Freelancers are always looking for new ways to attract clients and to land new projects. There are any number of ways to promote your services, but the ideal situation involves not dedicating a lot of time or money in the search for projects.
If you’ve been freelancing for a little while, you should have a number of clients that you have done some work for in the past, and they can be a great source of new projects. Maybe they need a full website redesign, or maybe they need some related services that you could also provide.
An effective approach to client follow-up will help you to stay in touch with those past clients, to keep them aware of the range of services that you offer, and to secure their business when their need arises for some type of work. And best of all, with an organized approach it doesn’t have to be time-consuming or costly.
If you haven’t been making the most of follow-up opportunities with past clients here are a few tips that will help you.
Follow Up Tips for Freelancers
1. Keep Track of Contact with Past Clients
In order to be effective with your client follow up you will need a method to keep track of clients’ contact info and to record the dates and details of follow up. You could use a customer relationship management app like Highrise or Zoho CRM, which will help to organize your contacts and all relevant data. For freelancers or independent designers simply keeping an organized spreadsheet could do the trick.
Whatever works for you is the approach that you should take. The important thing is that you have all of your clients’ contact info organized and that you can easily see the details of your recent contact with them. This will help you to know when to reach out to them without going overboard and emailing them too much because of poor organization and record keeping.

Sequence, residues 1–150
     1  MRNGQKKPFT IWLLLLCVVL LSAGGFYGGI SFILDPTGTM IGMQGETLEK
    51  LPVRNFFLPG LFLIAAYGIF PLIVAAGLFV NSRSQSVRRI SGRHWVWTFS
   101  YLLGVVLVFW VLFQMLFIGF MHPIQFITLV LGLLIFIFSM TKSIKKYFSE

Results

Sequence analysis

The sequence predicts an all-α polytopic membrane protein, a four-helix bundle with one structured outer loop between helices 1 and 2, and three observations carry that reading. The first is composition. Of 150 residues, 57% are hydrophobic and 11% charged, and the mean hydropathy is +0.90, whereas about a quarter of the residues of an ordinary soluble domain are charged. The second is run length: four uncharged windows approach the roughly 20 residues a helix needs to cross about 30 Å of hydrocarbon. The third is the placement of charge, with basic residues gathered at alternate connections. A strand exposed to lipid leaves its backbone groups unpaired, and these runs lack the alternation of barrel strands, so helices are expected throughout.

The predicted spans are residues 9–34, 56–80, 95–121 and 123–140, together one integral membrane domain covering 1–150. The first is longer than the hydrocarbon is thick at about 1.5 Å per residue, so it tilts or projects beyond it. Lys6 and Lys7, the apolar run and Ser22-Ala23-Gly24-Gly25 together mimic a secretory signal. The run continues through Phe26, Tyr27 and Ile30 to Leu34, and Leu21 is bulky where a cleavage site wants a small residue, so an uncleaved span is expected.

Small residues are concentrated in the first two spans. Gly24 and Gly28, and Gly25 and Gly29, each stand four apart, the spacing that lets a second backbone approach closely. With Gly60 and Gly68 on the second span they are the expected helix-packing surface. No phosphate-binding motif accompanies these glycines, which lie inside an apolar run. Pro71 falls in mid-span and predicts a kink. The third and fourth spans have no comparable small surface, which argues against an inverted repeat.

2. Consider Starting a Newsletter
One effective way to stay in touch with your past, present, and future clients is to start a newsletter. It could be weekly, monthly, or just whenever you have something important to communicate. This way clients can opt-in to receive the newsletter and you can quickly share important news or just keep your name in front of them.
Through your newsletter you could include case studies of particular client projects, link to articles about industry news, provide tips to help them get the most out of their website, and make announcements about your own services.
See our list of the best options for free email marketing.
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3. Send Personal Notes as Well
While newsletters can be very effective they do not replace the need for personal contact. Take the time to reach out to your past clients on an individual basis occasionally to check in and see if there is any way that you can help them.
Most of your clients will have needs from time to time that you may be able to help with, and staying in touch through personal messages will help to keep you in the front of their minds for those times when they need services.
Your clients, like yourself, are busy and strapped for time, so keep emails brief for maximum impact. The keys are to let them know that you are thinking about them, interested in the success of their business, and willing to help if there is anything that they need.
4. Tell Past Clients About Your New Services
Most web designers start offering new services every now and them. One example would be if you recently started working on Facebook pages for businesses. Chances are you have several clients from the past that could really benefit from these services, but they probably don’t even know that you can help them in this way. So at times when you have something new to offer, be sure to send a quick note to your past clients to let them know about the new service.